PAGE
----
startup. In the event of a maintenance problem, the software was designed to transmit coded error messages describing the symptoms of the problem only if supplied with a valid password. Custom Hardware Engineering (“CHE”) was a competitor of StorageTek’s in the aftermarket for technical service and maintenance of StorageTek’s products. To access the maintenance error codes on tape libraries manufactured by StorageTek, CHE designed two devices to circumvent StorageTek’s password protection system. Doing so enabled CHE to diagnose and repair problems with tape libraries manufactured by StorageTek. StorageTek sued, alleging both copyright infringement and violation of the DMCA. It alleged that, by causing StorageTek’s customers’ tape libraries to transmit coded error messages, CHE had circumvented its password authentication mechanism and thereby gained access to (and created an unauthorized copy of) StorageTek’s copyrighted maintenance software.
The court rejected StorageTek’s copyright claims, finding CHE’s activities protected by a statutory safe harbor for copies necessarily made in the course of maintenance or repair of a computer. The failure of StorageTek’s claims for copyright infringement, the court then continued, was all but dispositive of its claims under the DMCA. The court reasoned, citing Chamberlain, that:
To the extent that CHE’s activities do not constitute copyright infringement or
facilitate copyright infringement, StorageTek is foreclosed from maintaining an action under the DMCA. That result follows because the DMCA must be read in the context of the Copyright Act, which balances the rights of the copyright
owner against the public’s interest in having appropriate access to the work.
- See id. at 1309-10. Strangely, StorageTek did not license the code to its own customers, necessarily (if paradoxically) implying that every customer infringed StorageTek’s copyright in the code each time they turned their purchased hardware on. See id. at 1310 (noting that, although “StorageTek provides the entire [software] code to the customer,” the accompanying “license covers only . . . portions of the software, and it specifically excludes the maintenance code”). Most likely, StorageTek was attempting to avoid—unsuccessfully, as it turned out, see id. at 1311-15—the application of 17 U.S.C. § 117(c), which allows copying of “an authorized copy of [a] computer program . . . for purposes . . . of maintenance or repair . . . .” 17 U.S.C. § 117(c) (2006) (emphasis added). The copies of the maintenance software StorageTek had installed on its own customers’ machines were, by the terms of its own license, unauthorized copies. StorageTek’s apparent adversarial attitude towards its own customers surely heightened the court’s skepticism towards StorageTek’s interpretation of the DMCA.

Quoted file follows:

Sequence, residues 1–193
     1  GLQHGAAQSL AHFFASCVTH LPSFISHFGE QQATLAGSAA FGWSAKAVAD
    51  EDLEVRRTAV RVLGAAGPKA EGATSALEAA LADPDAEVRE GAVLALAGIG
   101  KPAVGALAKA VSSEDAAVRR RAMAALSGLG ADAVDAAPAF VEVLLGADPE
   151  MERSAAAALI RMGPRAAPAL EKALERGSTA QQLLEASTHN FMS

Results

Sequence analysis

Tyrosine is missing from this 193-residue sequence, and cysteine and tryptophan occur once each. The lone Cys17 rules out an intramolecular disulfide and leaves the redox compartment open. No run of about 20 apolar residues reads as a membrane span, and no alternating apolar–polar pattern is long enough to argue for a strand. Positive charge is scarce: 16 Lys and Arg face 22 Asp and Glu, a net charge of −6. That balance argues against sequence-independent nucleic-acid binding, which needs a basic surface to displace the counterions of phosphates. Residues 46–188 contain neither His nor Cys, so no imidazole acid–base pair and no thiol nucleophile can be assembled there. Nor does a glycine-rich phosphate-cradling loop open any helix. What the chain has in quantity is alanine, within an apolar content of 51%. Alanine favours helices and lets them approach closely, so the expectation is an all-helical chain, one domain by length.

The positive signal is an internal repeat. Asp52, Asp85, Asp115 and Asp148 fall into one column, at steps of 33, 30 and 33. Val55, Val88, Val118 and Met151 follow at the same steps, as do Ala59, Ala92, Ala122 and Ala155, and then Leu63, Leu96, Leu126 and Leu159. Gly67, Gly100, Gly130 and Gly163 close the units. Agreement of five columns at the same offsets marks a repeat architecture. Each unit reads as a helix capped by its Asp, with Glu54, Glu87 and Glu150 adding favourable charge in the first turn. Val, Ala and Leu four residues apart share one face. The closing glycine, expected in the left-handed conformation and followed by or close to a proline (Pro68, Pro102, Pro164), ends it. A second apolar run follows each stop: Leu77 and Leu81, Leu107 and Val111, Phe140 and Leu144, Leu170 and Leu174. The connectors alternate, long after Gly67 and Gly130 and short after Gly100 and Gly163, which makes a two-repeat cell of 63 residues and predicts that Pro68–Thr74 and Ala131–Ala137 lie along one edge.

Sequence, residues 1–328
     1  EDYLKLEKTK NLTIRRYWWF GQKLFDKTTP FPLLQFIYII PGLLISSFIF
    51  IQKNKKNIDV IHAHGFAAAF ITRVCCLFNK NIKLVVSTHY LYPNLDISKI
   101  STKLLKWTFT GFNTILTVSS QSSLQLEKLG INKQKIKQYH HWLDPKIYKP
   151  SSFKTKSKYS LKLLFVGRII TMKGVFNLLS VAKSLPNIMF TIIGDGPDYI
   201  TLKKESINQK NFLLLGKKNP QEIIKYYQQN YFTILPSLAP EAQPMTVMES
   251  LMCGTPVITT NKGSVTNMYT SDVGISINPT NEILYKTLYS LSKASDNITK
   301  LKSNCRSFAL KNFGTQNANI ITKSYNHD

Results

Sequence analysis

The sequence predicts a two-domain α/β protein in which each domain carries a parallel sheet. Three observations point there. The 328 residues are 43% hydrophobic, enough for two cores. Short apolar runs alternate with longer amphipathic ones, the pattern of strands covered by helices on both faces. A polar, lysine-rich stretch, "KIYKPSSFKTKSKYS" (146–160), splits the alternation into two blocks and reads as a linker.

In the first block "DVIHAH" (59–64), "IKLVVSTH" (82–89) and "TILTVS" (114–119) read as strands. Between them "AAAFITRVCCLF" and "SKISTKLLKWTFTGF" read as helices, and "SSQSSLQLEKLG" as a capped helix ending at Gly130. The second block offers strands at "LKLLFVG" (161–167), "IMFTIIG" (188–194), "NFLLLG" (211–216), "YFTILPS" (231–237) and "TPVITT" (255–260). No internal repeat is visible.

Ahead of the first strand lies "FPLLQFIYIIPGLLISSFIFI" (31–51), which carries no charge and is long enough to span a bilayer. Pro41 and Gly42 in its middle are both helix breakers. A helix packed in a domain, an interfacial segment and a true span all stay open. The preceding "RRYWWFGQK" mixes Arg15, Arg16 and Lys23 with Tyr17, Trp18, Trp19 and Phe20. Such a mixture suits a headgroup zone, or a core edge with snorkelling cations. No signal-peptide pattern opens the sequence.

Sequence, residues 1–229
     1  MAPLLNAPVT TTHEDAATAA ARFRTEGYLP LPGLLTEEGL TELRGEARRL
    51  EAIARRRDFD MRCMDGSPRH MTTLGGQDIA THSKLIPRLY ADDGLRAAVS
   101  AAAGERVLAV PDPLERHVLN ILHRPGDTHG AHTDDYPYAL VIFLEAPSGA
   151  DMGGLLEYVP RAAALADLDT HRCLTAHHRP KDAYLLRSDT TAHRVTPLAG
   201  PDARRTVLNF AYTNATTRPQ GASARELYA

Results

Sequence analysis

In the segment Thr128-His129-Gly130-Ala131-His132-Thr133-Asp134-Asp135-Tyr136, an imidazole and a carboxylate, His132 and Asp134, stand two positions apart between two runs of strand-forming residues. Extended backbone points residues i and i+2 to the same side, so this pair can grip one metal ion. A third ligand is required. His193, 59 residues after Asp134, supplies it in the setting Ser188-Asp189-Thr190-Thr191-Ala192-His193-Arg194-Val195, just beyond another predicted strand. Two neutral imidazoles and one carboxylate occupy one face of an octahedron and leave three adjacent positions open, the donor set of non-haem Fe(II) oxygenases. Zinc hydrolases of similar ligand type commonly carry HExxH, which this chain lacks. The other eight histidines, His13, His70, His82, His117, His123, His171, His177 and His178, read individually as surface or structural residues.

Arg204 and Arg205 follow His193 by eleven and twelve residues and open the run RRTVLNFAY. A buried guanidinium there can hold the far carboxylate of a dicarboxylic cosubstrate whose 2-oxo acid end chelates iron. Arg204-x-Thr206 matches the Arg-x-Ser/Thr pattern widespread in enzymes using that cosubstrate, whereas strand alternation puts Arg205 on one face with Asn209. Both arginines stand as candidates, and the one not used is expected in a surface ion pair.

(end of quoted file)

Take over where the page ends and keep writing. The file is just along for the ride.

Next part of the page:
- See Storage Tech., 421 F.3d at 1310. Presumably, StorageTek’s intention in adopting this password authentication mechanism was effectively to prevent its customers or competitors from performing their own maintenance on StorageTek’s tape libraries.
- See id. As the court described it, CHE’s two devices worked somewhat differently—one by computing a valid password for StorageTek’s system, the other apparently by preventing the system from requesting a password at all—but the differences are immaterial for present purposes.
- See id.
- Id. at 1311-15; see also Storage Tech. Corp. v. Custom Hardware Eng’g & Consulting, Inc., 431 F.3d 1374, 1375-76 (Fed. Cir. 2005) (opinion on denial of rehearing) (reiterating court’s conclusion that safe harbor of 17 U.S.C. § 117(c) covered CHE’s activities). The copyright safe harbor provision on which the court relied was itself enacted in 1998 as part of the DMCA. See infra note 174.